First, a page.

Room-in-a-box, Jan 2018
The Unlock games have so far been released in sets of three, and both times the third game in the set has had the highest difficulty rating and has also seemed to be the one with all the designers’ favourite ideas. This one, The Tonipal’s Treasure, is a pirate-themed scenario that shows off the best of the Unlock format while introducing new ideas of its own.
The Mystery Adventures set of three games came with an app upgrade that added a ‘machine’ button to handle a new card type. Each of these machine cards have a special screen in the app, accessed by entering the card’s number, that allows the players to enter a solution in a custom way, tailored to that card. Obviously, that adds much more flexibility to the format. This system was used only once between the first two games, but appears multiple times in Tonipal.
Escape games, whether physical or play-at-home, tend to take place in confined areas. One of the strengths of the Unlock format is that it doesn’t need to limit itself in that way, and after a jail cell start Tonipal takes place across an entire island. It feels as much like a computer adventure game as an escape room, moving from location to location and solving a set of puzzles in each one.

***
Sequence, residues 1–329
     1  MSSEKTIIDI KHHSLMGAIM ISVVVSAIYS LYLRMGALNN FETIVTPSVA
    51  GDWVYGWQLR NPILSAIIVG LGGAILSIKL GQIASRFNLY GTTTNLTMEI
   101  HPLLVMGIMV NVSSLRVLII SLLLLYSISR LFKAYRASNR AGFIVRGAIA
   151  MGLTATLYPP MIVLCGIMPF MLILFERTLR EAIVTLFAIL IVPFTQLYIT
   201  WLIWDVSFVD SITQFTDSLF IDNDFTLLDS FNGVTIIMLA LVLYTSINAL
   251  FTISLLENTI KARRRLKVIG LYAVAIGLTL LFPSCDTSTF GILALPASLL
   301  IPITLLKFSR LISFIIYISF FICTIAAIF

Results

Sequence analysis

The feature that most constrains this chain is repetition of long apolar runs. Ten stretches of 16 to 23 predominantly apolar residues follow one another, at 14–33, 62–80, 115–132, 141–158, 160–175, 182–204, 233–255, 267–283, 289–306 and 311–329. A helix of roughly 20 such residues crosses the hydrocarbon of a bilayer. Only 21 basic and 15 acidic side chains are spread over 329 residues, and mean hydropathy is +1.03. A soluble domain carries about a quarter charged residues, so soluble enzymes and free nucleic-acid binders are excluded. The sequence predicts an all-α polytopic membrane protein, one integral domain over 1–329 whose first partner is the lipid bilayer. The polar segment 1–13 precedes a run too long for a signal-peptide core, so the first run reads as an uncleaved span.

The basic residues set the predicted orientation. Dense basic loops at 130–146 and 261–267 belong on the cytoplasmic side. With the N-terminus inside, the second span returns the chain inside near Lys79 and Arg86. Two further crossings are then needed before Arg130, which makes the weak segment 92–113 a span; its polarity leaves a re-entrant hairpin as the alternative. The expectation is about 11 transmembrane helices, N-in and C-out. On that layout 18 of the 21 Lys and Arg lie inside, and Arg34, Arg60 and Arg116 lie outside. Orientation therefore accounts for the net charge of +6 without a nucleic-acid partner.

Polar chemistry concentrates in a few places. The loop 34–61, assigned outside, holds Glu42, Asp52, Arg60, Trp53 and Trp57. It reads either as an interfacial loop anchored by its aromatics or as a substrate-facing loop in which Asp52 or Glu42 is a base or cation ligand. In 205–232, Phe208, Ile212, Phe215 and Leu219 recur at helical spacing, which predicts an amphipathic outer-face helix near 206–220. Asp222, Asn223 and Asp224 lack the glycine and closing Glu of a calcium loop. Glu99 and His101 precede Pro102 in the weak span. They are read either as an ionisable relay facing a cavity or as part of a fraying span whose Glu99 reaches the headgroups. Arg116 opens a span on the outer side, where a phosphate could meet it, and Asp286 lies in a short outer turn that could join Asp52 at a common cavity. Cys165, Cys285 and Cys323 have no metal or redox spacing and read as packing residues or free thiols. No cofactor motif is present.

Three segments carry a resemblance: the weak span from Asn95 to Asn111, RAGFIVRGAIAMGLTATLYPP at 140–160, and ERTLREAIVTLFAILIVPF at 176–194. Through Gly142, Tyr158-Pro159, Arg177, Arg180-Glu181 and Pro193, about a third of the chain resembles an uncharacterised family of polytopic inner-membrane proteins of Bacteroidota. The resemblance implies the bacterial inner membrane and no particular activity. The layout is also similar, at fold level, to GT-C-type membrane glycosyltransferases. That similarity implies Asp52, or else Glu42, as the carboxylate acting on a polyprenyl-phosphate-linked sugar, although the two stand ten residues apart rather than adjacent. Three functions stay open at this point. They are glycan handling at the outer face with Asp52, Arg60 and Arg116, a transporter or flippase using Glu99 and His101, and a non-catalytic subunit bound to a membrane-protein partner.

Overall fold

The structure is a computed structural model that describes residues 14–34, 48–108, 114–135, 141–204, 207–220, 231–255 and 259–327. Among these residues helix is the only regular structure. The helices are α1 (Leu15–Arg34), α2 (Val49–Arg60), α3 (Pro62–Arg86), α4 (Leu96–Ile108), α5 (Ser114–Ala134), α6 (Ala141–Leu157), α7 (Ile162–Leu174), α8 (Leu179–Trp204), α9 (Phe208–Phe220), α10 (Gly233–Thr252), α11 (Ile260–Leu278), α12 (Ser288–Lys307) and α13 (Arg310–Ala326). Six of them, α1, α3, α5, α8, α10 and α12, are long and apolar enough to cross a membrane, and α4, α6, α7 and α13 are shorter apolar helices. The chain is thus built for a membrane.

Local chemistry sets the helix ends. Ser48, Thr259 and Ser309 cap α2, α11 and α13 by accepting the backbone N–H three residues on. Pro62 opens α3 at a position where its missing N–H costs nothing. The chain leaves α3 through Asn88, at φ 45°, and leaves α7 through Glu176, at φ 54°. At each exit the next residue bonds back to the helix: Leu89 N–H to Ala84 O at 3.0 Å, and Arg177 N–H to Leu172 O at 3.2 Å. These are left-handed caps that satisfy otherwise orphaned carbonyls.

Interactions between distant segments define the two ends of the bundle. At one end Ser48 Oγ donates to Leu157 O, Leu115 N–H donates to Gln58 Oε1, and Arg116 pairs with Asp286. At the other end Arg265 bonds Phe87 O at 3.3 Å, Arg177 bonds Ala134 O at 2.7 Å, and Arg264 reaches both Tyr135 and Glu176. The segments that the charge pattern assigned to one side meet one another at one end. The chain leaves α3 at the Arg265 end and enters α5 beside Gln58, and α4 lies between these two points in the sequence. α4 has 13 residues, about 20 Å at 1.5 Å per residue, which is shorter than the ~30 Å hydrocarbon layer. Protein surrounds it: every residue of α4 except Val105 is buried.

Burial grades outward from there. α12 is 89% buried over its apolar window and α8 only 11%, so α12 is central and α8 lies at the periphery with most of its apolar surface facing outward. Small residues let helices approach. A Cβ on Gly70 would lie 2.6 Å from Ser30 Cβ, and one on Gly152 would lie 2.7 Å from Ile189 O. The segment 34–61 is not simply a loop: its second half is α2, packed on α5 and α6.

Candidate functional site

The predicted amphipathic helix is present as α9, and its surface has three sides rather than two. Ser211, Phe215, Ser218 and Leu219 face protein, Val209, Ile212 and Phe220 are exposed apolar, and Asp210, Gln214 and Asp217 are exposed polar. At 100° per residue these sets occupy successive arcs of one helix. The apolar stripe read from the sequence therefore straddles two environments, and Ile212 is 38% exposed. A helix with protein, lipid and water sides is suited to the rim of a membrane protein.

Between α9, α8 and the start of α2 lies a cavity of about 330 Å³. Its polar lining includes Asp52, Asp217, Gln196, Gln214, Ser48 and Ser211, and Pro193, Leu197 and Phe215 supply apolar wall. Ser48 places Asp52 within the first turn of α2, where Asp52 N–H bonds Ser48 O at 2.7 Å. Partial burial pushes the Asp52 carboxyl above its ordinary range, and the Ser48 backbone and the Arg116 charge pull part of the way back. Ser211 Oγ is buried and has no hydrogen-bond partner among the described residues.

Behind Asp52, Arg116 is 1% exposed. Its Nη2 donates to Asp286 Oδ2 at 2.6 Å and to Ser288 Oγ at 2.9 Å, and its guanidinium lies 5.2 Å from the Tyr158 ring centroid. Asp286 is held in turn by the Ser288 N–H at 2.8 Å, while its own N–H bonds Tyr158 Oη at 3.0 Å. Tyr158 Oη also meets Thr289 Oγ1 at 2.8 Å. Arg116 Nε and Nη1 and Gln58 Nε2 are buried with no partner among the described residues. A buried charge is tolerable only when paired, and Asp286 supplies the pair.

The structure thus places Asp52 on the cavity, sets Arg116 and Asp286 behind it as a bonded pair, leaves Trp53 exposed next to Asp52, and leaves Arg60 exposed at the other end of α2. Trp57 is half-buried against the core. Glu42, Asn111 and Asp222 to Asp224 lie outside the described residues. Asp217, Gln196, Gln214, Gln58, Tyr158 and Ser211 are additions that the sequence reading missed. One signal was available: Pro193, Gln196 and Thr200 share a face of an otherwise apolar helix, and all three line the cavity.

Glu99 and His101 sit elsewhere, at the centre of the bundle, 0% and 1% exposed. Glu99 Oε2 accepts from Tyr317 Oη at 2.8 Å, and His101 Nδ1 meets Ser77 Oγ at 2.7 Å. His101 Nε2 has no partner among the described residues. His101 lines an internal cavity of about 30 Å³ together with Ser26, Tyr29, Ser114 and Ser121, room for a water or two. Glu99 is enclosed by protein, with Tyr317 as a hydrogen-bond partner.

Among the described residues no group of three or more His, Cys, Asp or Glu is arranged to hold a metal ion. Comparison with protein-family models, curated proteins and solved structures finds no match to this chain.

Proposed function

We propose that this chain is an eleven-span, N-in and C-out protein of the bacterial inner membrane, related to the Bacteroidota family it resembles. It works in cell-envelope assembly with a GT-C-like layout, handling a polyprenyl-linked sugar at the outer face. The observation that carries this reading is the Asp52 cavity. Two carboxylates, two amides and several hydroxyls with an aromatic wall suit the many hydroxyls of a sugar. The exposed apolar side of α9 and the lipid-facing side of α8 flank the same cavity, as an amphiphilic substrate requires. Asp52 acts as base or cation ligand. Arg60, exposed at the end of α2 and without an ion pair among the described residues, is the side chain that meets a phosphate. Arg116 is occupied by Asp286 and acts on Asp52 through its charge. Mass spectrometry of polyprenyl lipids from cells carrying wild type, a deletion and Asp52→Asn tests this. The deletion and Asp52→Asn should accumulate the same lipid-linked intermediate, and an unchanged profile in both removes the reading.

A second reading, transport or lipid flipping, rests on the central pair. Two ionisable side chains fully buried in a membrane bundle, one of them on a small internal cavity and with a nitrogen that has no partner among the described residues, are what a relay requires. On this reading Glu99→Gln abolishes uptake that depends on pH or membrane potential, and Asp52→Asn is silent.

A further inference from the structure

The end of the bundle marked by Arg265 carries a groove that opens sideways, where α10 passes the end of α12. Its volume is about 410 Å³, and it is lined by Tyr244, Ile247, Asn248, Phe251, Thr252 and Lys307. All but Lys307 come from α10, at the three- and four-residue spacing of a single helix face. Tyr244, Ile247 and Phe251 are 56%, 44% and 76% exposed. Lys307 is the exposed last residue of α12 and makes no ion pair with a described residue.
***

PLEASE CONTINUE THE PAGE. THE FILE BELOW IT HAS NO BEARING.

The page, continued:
At one point we thought we’d hit the problem we’d encountered in Nautilus, where we weren’t sure which of several cards to focus on, and were faced with taking potentially unwanted hints until we stumbled across one that gave away where we should be looking. But we eventually solved that section without needing to resort to random hints, and the game’s sequencing into distinct areas greatly reduces potential confusion.
Despite the high difficulty rating, most of the puzzles in Tonipal aren’t that tough, particularly in its first half. The challenge comes more from the quantity of them. There’s plenty of scope for players to confuse themselves, but very little that didn’t seem fair once solved.
A pirate theme should be fun, and Tonipal is a blast. It uses the new ‘machine’ system along with a palette of tricks from the earlier Unlock games to provide a hugely varied set of puzzles, that go way beyond searching and combining pairs of objects to a sword fight, a crude dialogue tree, and other elements that I won’t mention for spoiler reasons. Even better, it’s largely free of time penalties for trying plausible solutions.
Tonipal isn’t the best choice if you haven’t played an Unlock game before – it uses a mix of ideas and game mechanics that could be bewildering if you’re new to the system. And the ‘machine’ cards increase the reliance on the app and make it feel a little closer to a computer game, which might put you off if that’s not your thing. But otherwise, try one or two of the other Unlock games first, and then snap this one up as a juicy highlight of the series.